DeKALB – Anyone walking by room 222 in Wirtz Hall at Northern Illinois University around noon Wednesday would have heard no noise and assumed the classroom was empty.
But then they would hear laughter and realize that 20 students, plus the instructor, were inside engaged in some serious learning. The difference between this room and the one down the hall? In room 222, students were communicating through American Sign Language.
Under the tutelage of instructor Sara Bianco, who has been deaf since birth, the level-four class did not verbally speak to communicate during the class. Instead, they used ASL – a visual language that uses hand signs and gestures.
Bianco, who has been at NIU since 2008, teaches nearly 100 students in her four classes and another instructor teaches an additional 50 students in two more classes. Since 2008, students at NIU can take ASL to fulfill their foreign language requirements, said Sue Ouellette, chairwoman for the School of Allied Health and Communicative Disorders at NIU. While state law now mandates it, NIU offered ASL as a foreign language option before they were required to.
And it should be a foreign language option, Bianco said, noting ASL is her first language. ASL is a language and culture that the Deaf – the capital “D” refers to the culture that regards deafness as a difference, not a disability – live in daily, she said.
“Deaf people do not view being deaf as a disability, but as a cultural attribute,” Ouellette agreed. “It’s a surprise to many students coming into the class, that anyone could find something good about being deaf.”
Depending on what study is cited, Ouellette said ASL is the third-most spoken language in the United States, behind English and Spanish. Students, therefore, are likely to be able to use ASL in their lives, she said. A wide range of students take ASL courses, she said, from education students who may have a deaf student in their classroom one day to those enrolled in the College of Visual and Performing Arts.
In order to foster the ability of the students to understand ASL, and out of respect for deaf faculty, Bianco does not permit the use of voices in her classrooms or labs. Immersion into a language is the best way to learn it, she said, and that’s what she aims to do in her classroom.
“They can talk all they want, it just has to be in ASL,” she said before class started Wednesday.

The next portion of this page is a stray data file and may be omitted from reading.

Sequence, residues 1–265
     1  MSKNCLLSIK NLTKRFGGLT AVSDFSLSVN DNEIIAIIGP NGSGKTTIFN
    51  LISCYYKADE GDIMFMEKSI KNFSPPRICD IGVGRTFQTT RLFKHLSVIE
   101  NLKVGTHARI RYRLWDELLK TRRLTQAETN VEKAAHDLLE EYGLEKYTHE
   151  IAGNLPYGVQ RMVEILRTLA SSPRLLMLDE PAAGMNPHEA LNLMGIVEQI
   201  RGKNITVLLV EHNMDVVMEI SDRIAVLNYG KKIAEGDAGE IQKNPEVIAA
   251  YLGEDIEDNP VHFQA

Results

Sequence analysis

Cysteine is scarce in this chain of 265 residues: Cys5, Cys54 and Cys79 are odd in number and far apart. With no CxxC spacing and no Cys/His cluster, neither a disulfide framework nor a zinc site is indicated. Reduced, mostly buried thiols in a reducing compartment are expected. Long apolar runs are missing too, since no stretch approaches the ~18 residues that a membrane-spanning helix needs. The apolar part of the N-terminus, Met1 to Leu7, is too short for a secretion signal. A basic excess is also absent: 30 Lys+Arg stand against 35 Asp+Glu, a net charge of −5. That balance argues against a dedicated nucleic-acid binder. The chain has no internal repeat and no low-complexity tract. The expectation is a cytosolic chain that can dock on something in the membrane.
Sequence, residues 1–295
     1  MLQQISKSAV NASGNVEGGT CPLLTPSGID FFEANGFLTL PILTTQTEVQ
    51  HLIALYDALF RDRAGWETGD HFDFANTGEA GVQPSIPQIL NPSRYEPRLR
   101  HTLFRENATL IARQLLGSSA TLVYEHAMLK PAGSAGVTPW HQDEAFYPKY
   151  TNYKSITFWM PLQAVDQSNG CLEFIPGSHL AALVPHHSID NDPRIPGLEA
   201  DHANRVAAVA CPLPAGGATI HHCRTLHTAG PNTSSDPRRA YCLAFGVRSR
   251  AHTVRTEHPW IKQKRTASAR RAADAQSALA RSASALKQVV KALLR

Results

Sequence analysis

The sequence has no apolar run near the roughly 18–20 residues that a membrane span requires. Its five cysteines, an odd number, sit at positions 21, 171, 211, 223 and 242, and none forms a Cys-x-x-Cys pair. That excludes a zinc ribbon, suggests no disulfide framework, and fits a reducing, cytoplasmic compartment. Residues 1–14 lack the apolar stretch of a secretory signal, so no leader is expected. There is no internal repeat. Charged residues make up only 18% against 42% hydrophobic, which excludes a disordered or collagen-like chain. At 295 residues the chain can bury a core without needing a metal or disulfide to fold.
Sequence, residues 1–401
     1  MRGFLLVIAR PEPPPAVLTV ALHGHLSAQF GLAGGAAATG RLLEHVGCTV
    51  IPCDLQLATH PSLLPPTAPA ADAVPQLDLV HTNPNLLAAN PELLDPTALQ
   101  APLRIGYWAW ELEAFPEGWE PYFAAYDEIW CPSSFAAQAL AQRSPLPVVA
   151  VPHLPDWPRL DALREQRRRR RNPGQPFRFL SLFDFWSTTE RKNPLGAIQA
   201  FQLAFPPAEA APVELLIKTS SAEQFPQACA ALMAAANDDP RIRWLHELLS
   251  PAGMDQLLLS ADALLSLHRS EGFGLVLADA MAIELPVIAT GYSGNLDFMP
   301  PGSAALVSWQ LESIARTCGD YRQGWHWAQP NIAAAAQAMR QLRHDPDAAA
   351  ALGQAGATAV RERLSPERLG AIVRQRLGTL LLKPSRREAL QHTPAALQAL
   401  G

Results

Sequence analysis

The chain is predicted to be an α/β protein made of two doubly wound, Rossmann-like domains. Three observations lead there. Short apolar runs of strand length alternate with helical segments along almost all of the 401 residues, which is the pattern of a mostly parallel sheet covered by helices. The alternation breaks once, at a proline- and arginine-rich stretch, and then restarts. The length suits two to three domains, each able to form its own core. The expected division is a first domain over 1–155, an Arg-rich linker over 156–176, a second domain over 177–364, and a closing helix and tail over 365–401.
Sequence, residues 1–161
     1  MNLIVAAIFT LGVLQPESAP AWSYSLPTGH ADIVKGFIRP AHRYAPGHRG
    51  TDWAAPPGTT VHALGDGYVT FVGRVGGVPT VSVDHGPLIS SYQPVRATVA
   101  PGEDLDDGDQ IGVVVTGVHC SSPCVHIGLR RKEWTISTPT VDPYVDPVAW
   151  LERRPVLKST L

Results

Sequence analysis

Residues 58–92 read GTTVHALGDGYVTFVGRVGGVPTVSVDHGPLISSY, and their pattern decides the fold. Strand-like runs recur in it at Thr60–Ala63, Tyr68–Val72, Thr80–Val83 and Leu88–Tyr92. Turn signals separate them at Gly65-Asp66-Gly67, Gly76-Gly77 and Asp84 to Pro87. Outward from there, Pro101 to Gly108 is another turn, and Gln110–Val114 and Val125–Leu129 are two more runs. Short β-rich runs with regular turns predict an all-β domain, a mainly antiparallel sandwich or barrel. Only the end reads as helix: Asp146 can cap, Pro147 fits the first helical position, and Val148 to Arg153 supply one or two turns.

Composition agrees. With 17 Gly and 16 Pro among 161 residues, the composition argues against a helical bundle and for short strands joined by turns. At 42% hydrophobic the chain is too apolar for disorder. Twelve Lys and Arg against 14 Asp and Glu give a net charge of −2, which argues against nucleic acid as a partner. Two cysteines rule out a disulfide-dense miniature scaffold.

While they initially might be frustrated by that, they often aren’t able to communicate that to her, Bianco said. She noted that she uses other mediums to communicate, such as e-mails and writing on the board.
Bianco will ask students later on in the course if they were frustrated initially. And while some say they were challenged, she also knows that having them immersed from Day One means they are in the right frame of mind.
Students also are required to have five hours of Deaf events each semester, such as going to a silent dinner. At those, students go out to eat at a restaurant, and are required to not speak the entire time – even when ordering. That often results in other diners staring at them, Bianco said, which gives them “a taste of what it’s like” to not be able to hear.
And while Bianco only requires students to sign once class starts, those who gathered before class started Wednesday only used ASL once they crossed through the door.
“Once we are in this setting, we will sign,” said Arthur Wagoner. “It’s out of respect to Sara. It’s really rude to talk in front of a Deaf person, especially if you know ASL.”
Wagoner, 22 and studying psychology, said he decided to take ASL because he has a sister who is hard of hearing and he had learned some sign language when he was younger.
When he got to NIU, he had the choice of either French or ASL for his foreign language requirement, and decided knowing ASL would be more practical in his life.
Wagoner’s roommate, William Nolan, also is taking the class. He said learning ASL has taught him to think of languages differently, which in turn has helped him in his English classes.
Both said the first few weeks of class were intimidating Wagoner noted that as he continued in his classes, it became weird to leave the classroom and start verbally talking.
“It was like I had to relearn how to talk,” Wagoner said.